10 Selfish Athletes Who Put the "I" in "Teiam"
DeSean "DiSpute" Jackson, and the top 10 most individualistic athletes in team sports history.
|The A-Rod is not happy.|
Being one of the highest paid players in sports year after year is usually a prerequisite for the egotistical athlete. Ever since A-Rod signed a $252 million contract with the Texas Rangers in 2001, the question became, how much of a team player is a guy that earns a salary equal to the budget of some small countries?
Despite posting amazing numbers, A-Rod didn’t make sense in Texas, as the team simply couldn’t afford to build around their nine-figure superstar. While Rodriguez fit in more on the New York Yankees from a financial sense, rumors still flew that he was unpopular in the clubhouse. Former skipper Joe Torre noted in his book The Yankee Years that A-Rod was nicknamed “A-Fraud” due to constant selfish demands, as well as a list of contract clauses that resembles a biblical scroll. And to think, being hand fed popcorn by Cameron Diaz wasn’t even one of them.
While he may not be the most recognizable name, no list of horrible teammates would be complete without Romanowski. Was the four-time Super Bowl champion linebacker accused of not giving 100 percent on the field? Never. Was the two-time Pro Bowl talent known for missing the occasional practice or meeting? A near flawless attendance record wouldn’t surprise.
No, Romanowski will always go down as a locker room leper for one nagging habitbeating the shit out of his own teammates. Being passionate on the field is one thing; ending the career of a guy who dons the same team jersey is quite another. Yet that’s exactly what happened during an Oakland Raiders scrimmage back in 2003, when Romanowski got into a scuffle with tight end Marcus Williams. The allegedly “'roid raging” linebacker tore off Williams’ helmet, and delivered a haymaker that crushed one of his eye sockets. Romanowski’s career ended shortly thereafter too, and honestly, locker room fights have just never been the same. Tear.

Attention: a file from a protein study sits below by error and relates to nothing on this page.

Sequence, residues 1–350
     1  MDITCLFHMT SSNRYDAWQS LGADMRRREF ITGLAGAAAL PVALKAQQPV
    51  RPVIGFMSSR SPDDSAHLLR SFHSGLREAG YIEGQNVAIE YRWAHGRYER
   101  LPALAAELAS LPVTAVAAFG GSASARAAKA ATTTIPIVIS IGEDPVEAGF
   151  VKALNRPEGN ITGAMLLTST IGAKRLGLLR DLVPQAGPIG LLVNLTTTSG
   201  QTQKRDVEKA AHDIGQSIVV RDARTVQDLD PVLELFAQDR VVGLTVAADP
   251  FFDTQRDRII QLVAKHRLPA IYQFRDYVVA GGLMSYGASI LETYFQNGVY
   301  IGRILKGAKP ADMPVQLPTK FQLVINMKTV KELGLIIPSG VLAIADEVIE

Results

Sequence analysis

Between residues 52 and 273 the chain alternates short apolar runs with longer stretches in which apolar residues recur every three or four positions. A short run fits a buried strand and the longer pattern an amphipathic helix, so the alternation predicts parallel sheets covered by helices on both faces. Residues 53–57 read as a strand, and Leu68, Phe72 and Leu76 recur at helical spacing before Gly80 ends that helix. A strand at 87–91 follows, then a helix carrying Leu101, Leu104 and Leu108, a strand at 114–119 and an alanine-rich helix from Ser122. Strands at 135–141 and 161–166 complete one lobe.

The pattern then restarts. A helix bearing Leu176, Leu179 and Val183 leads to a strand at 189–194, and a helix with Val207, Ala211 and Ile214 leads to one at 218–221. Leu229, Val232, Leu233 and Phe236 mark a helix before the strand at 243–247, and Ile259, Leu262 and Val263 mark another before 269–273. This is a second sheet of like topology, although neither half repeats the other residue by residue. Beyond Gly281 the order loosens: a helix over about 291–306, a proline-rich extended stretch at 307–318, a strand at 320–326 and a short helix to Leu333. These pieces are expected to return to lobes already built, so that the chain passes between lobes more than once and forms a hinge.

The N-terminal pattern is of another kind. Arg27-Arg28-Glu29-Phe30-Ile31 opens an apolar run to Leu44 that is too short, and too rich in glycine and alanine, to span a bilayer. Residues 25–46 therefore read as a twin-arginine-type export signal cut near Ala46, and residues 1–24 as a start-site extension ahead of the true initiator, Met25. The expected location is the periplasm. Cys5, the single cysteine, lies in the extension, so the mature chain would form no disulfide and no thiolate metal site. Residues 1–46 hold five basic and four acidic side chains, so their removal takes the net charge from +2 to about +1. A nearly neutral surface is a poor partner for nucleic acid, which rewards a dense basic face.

Another lesser-known player, it’s hard to argue whether there was ever a worse teammate than the man who shares his name with America’s favorite maker of classic board games. As far as the professional baseball player is concerned, you can literally create your own top 10 list of detrimental moments during the career of the man known as “Meltdown” Bradley. In fact, someone already did.
Bradley hasn't been a stranger to in-game ejections or suspensions, which in turn have done no favors for his teammates. Whether it’s tossing a bag of baseballs onto the field after arguing with an umpire or tearing his ACL after (you guessed it) arguing with an umpire, Bradley is never at a loss for finding creative ways to take himself out of games. He’s had several well-documented clubhouse feuds (with players like Jeff Kent and managers like Lou Piniella) and has managed to wear out his welcome on eight teams in just 11 years. When it comes to anti-team athletes, Bradley is the gift that keeps on giving.
What's the name of that famous
psychologist... Sigmund Fff...
Sigmund Fuh... anyone?
There has probably never been a player as soft-spoken, yet universally despised, as baseball’s all-time home run king (ASTERISK). Bonds wasn’t one of the biggest trash talkers in MLB history, but rather a subtle assassin who did things, such as walking into a team pitchers meeting after becoming a member of the San Francisco Giants, and pointing out all the guys he’s homered off of while saying, “I got you, I got you, I got you...”
If the above incident just sounds like innocent fun to you, how about reports that Bonds took up multiple lockers for himself in the team clubhouse? It’s no surprise that Bonds regularly alienated himself from teammates, and was a constant no-show at practices and meetings as his star power continued to rise. All of this, and not even one mention yet of Bonds’s role in Major League Baseball’s steroids scandal, in which Bonds was indicted on charges of perjury and obstruction of justice for allegedly lying to a grand jury during the BALCO hearings. I mean, what’s not to like?